I have owned four vehicles that have gone over 200K, and several others that I drove 150-200K, including three with turbos, and I've never had an internal engine repair. I use synthetic oil, I change it every 3000 miles, I never let it get low, and I let my vehicles warm up before thrashing them. One of my vehicles is a 2000 Chevy Silverado with the 5.3 V8 that had terrible issues with piston slap. Many people startied experiencing this issue within 40,000 miles. I've flogged the bejesus out of that truck for 220,000 miles, and I just started hearing the pistons at startup in the last 5K miles or so. It is a good illustration of why you want your vehicle to warm up. If I start that truck when it is cold, you can hear the pistons 100 feet away. It sounds like a bucket of bolts rattling. After 30-60 seconds of idle, depending on the temp, the noise will suddenly just fade away as the pistons heat up. If I just cranked it into gear and roared off every time, the engine would have been ruined years ago.
It ain't that hard, people.
|11-05-2013 12:39 AM|
I thought I got away with the JKU, it's happened last November a few weeks after I bought it. I heard two small rocks hit the windshield when on the highway and a semi crossed into my lane. I cursed the minutes I heard them hit, but I didn't see anything on the windshield. I checked with the flashlight when we got out and couldn't find anything that night. It was about 40 degrees out.
I parked at home outside, with the windshield facing east, and when I got up the next day it had warmed up nicely to about 70 by the time I left the house. I was greated by a crack about 2 inches long, running straight up form under the middle of the driver's side wiper coming up into my line of sight. I got the defrost going on it set to cold, rolled the windows down (pressure does make a big difference) and I got it over to a glass shop as fast as I could. Unfortunately, the sun warmed it up enough that is was 4 inches by the time I got there. The kid said he would do it for free because they had little hope it would hold. He worked on it for awhile, mainly on the end where it was running.
The crack became stable after that for awhile, until I ran the defrost over winter. Apparently we missed a hairline split lower in the crack. The end he worked on is still stable, but about an inch below the end ran one day I used defrost. It took off towards the rear view mirror so I quickly turned the defrost to cold and ran it on high. This stopped it dead in it's tracks and turned it towards the passenger side. I tapped the glass with my pan a few times and sent it running across the windshield and into the bottom passenger corner.
At least it's stable again this way, all the ends are taken care of now and nothing is in my line of vision. I debated replacing it, we get so much debris here it's almost not worth doing. It's odd too, once I get a crack in the windshield, it repels more cracks. So I have grown to the conclusion that having a good crack is much better than risking a bad crack. So far since spring I have kept a tally in my head - we ave had at least 6 rocks hit it, all in the size they could have cracked it, none did. I had a 2x4 scrap fall off a truck in front of me that was about 6 inches long, it hit the windshield on the largest surface area, perfectly flat, and it made a horrible sound! Both of us saw it coming and I was squinting my eyes in preparation it was coming through the glass. It didn't leave a mark! That one hit on the upper passenger corner. After that hit I swore off replacing the glass for a bit longer, I know if that had been a new windshield it would have broken. I had similar things occur with the TJ windshield. I replaced it once, but left it after the second windshield cracked. I traded it with a crack that was vertical from top to bottom right down the middle. I always wondered if Jeep windshields could be converted to split panes after that, I think it would be a nice nostalgic look.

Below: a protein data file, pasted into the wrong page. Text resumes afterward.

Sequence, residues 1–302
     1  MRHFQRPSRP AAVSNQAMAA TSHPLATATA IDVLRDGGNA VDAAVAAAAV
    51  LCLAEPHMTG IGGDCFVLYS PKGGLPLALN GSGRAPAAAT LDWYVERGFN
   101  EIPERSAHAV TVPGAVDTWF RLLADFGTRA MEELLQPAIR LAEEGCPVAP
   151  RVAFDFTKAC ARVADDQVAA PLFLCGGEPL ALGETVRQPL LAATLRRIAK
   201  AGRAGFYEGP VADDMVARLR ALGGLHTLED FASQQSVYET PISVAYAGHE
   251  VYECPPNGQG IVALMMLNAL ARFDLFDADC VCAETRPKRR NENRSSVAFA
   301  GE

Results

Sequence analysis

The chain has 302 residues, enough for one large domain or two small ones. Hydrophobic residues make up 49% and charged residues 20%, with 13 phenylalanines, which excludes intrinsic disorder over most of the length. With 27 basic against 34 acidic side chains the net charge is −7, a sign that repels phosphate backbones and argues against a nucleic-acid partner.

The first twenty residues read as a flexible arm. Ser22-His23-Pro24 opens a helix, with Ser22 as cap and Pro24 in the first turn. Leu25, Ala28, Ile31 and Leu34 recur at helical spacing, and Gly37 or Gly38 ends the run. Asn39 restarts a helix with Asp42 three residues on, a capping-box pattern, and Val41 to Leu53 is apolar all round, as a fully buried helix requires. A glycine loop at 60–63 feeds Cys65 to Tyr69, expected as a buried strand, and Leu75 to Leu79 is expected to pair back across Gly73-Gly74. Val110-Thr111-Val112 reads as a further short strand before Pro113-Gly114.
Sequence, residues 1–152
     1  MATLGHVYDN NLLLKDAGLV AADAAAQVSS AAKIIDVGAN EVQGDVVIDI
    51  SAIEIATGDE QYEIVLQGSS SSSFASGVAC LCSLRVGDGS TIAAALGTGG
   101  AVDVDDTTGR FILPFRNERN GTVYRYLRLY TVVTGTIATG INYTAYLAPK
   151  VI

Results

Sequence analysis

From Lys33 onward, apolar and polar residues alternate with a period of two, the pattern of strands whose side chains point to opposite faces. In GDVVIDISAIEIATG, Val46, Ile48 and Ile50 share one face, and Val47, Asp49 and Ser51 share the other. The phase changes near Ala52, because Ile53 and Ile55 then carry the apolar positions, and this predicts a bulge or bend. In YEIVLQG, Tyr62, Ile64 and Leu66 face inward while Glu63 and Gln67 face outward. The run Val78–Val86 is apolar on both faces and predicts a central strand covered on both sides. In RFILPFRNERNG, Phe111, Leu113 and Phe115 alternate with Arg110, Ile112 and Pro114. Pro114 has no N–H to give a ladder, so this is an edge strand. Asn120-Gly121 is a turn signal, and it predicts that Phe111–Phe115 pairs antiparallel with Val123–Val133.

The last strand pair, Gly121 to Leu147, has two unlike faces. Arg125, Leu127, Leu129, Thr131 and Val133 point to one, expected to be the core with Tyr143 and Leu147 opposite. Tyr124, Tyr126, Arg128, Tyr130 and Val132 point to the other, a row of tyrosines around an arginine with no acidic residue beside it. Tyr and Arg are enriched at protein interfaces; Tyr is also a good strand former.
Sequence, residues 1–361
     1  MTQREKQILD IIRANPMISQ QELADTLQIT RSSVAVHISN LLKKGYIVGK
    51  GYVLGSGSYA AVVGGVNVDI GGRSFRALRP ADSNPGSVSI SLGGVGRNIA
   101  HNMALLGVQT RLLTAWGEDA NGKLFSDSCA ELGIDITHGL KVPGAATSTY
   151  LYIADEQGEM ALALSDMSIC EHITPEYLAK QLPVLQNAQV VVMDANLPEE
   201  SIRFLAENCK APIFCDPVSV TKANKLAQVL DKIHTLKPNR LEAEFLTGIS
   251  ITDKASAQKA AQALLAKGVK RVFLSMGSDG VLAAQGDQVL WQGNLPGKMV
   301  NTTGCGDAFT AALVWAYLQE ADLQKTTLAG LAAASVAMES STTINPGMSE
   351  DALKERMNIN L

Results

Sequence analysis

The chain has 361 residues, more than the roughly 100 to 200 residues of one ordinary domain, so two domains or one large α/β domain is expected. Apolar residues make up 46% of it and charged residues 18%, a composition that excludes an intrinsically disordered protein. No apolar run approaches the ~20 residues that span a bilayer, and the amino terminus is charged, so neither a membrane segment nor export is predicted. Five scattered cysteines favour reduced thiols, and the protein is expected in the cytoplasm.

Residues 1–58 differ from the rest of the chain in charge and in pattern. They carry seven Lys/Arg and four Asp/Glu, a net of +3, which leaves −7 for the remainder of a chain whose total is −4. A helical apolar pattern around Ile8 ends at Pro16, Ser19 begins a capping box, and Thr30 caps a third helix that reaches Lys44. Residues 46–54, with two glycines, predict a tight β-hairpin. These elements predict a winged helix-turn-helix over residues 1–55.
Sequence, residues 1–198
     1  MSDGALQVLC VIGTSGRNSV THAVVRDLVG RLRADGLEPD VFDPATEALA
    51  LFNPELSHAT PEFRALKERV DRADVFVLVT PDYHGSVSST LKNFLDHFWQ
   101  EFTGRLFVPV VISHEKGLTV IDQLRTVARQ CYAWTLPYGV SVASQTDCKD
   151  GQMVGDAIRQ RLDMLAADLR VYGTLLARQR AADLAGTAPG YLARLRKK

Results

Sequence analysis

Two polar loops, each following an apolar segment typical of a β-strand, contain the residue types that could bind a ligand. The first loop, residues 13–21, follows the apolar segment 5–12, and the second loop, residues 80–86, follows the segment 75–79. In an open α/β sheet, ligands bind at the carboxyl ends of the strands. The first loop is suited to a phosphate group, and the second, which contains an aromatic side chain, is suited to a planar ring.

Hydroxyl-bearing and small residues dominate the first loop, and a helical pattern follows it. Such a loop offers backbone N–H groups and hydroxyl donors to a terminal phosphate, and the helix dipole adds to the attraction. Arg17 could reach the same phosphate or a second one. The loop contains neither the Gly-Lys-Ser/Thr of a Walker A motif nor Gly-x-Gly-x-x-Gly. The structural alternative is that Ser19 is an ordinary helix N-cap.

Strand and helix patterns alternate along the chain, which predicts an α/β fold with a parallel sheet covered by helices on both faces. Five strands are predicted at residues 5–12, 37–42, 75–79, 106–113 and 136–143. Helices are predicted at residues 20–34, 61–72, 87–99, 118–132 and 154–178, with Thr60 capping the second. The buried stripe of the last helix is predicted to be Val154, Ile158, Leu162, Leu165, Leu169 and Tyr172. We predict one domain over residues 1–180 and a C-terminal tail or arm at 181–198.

|11-30-2012 08:39 PM|
|HRR1||The answer to the original question is NO.|
|11-30-2012 06:07 PM|
|fljeepleo||It was in the 60's last week! Freezing! I warmed it up before I ventured out.|
|11-30-2012 06:00 PM|
|11-30-2012 05:41 PM|
|MichiganJeepster||New engines do not require warming up but I start mine and wait 20 seconds or so for the idle to come down and then drive easy out of my subdivision and onto the main roads where I continue to drive with a soft foot until engine warms up a bit. Not necessary but just cant thrash on a cold engine.|